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Help with Probability. Miller Chapter 2 Practice Question 2.

Alex_1

Active Member
Hi, you have in this question p = F(x) = (3/125)*(1/3)*x^3 = x^3/125 and you need to solve for x. The inverse of the third power (x^3) is the cube root or "^(1/3)".

So from p = x^3/125, you have 125*p = x^3 and from there you apply the cube root to both sides of the equation resulting in:
(125*p)^(1/3) = x^3^(1/3) --> (125*p)^(1/3) = x.

I hope this helps. Thanks.
 

sagrr

New Member
Can someone briefly explain the theory behind solving for x and how thats related to the inverse CDF?
 

Nicole Seaman

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@CYLoh,

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David Harper CFA FRM

David Harper CFA FRM
Staff member
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Hi @sagrr

It's a good question because this connection is the essence of VaR. It may help (it helps me, is what I can say!) to recollect with the normal distribution:
  • We could write CDF of the standard normal as N(.) = N[q(z)] = p; e.g., N(-2.33) = 1% and N(-1.645) = 5%. I am using q(z) to remind that this z-value is a distributional quantile, as in, the quantile we happen to call the z-value in a standard normal distribution. The (p) is significant because it reminds us that a CDF is a probability bounded by 0% and 100%. In this way, N[q(z)] = p is like N(x) = p; i.e., in a CDF each quantile corresponds to a probability, as -2.33 corresponds to 1.0%.
  • In 300.2, we are given the f(x), a pdf, which we integrate in order to retrieve F(x), its implied CDF. Most F(x) will not be CDFs, but this one is designed to be a probability so this F(x) = p. Similar to standard normal N[q(z)] = p , but instead it is a custom, very non-normal, function.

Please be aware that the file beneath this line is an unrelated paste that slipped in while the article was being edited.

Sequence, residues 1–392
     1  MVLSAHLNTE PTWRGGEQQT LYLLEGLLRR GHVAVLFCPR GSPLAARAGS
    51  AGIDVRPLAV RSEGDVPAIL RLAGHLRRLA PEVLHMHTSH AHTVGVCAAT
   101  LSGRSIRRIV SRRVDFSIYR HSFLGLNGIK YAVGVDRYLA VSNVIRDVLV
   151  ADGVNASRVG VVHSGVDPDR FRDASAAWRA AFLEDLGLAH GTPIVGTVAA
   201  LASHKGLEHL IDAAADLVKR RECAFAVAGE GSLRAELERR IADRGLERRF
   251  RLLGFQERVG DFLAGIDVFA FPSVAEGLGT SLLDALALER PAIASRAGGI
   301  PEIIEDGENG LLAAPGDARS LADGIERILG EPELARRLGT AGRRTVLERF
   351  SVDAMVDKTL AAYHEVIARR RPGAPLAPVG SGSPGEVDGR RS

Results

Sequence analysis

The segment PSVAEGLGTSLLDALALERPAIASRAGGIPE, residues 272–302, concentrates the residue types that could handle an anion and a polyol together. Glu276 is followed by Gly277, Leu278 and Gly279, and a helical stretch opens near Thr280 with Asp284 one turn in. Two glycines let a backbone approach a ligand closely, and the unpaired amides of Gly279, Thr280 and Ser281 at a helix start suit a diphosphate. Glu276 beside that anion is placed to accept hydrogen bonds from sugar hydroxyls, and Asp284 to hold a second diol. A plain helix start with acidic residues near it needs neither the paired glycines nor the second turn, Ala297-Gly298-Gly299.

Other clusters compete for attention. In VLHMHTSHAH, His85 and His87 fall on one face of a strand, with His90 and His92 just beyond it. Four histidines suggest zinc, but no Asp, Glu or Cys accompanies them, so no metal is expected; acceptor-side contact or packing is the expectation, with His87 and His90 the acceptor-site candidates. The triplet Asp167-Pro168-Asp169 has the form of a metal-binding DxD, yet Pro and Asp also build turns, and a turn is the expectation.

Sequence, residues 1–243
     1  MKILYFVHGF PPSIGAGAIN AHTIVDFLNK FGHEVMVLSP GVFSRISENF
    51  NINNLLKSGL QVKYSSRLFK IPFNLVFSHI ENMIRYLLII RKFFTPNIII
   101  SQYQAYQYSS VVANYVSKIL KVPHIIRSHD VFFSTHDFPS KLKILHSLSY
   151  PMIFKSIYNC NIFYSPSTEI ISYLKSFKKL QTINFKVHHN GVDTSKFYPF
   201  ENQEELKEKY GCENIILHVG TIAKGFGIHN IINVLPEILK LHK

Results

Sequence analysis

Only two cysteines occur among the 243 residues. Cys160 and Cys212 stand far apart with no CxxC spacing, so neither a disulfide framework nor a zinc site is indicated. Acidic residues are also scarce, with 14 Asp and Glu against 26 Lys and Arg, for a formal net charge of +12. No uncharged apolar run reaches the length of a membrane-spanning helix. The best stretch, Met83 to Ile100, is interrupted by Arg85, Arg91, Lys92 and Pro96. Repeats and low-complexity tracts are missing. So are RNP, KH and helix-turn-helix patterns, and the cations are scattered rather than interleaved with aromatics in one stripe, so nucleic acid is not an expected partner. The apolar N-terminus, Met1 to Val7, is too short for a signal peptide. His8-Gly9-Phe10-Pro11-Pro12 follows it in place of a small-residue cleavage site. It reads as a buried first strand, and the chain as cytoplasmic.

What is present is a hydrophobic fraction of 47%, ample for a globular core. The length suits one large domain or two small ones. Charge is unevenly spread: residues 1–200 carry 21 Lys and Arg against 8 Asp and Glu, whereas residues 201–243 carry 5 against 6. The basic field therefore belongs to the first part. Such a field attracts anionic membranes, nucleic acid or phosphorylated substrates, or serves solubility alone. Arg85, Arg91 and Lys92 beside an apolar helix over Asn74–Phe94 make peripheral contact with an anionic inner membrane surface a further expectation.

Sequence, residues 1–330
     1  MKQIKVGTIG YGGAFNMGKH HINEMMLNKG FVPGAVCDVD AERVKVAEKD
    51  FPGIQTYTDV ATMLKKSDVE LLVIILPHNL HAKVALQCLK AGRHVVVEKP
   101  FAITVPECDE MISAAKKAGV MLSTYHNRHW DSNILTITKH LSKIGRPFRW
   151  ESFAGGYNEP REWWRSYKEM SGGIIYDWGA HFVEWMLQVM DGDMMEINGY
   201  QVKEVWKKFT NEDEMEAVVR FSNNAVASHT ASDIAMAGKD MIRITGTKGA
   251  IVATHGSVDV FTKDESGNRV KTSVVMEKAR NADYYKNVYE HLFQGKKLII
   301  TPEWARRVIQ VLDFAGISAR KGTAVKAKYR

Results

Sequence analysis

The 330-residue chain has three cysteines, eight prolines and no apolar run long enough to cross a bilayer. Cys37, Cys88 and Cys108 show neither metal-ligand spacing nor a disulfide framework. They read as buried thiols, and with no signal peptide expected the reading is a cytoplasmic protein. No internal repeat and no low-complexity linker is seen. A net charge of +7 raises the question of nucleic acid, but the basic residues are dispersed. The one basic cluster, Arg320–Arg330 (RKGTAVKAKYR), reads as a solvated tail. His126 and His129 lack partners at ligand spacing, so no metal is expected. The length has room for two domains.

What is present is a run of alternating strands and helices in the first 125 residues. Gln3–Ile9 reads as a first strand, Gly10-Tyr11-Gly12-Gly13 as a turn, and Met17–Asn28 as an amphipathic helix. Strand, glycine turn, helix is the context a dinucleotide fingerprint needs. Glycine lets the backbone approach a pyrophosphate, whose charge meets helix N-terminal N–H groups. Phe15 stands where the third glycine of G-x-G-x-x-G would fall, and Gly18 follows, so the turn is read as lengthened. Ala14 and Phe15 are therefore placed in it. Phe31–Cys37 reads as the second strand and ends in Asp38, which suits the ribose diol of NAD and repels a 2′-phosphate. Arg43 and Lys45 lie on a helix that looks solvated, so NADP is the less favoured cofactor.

• So we have a function F(x) = x^3/125, which is just a function ... but it's a special function: it's a CDF (cumulative probability) function, such that F(x) = p, which is the point. Now F(x) = p = x^3/125. The probability is directly linked to the quantile. If this were a normal distribution, we'd use the inverse N[-1](p) = q(z) to retrieve the quantile associated with a given probability; e.g, N[-1](5%) = -1.645.
  • Our desired VaR is 95%, so our p is 5%, and we want F[-1](5%) = q(x); i.e., what quantile (value of x) satisfies the Pr[X < q(x)] = 5%. Solving for (x) as a function of p = 5% returns the 5% quantile: the value of x which should be randomly exceeded 95% of the time. I hope that helps,
 

sagrr

New Member
Can you explain to me why in 300.2, I use .05 for p, while in 300.3, I use .95. Both ask for 95% VaR. Am I missing some nuance in wording or an important concept?
 

Alex_1

Active Member
Hi @sagr, the difference is explained by David in the following post:
https://www.bionicturtle.com/forum/threads/p1-t2-300-probability-functions-miller.6728/#post-24058
Basically, for 300.2 you set p = 0.05 because it is stated "that 5.0% of the distribution is less than or equal to (x), what is this price", the focus being on "less than", which implies a quantile of 5%, hence a VaR of (1-5%) or 95%.
For 300.2 as David states, the key word is "loss severity" which is a function of losses and not of the price which inverts the perspective, hence you require a probability of 95% and VaR of (1-95%) or 5%.

Let me know if this helps.
 

David Harper CFA FRM

David Harper CFA FRM
Staff member
Subscriber
Thanks @Alex_1 great answer. In my opinion, this is not nuance, this is a basic but meaningful idea: we can't try to memorize (get mechanical about) left or right tail. It is either depending on the context and scenario. Sometimes the distribution is prices (where the risk is realized in the left tail), but often the distribution losses (where risk is realized in the right tail). Thanks!
 
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